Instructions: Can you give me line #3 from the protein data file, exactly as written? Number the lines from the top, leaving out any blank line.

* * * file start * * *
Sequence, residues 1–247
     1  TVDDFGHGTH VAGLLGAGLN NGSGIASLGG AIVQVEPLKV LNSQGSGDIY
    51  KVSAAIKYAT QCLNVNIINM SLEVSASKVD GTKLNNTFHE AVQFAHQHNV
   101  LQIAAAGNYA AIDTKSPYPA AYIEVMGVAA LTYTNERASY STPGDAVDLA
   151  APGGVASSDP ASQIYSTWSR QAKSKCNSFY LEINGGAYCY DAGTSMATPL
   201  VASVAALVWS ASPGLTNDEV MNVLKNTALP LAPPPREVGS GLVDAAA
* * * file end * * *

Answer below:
    51  KVSAAIKYAT QCLNVNIINM SLEVSASKVD GTKLNNTFHE AVQFAHQHNV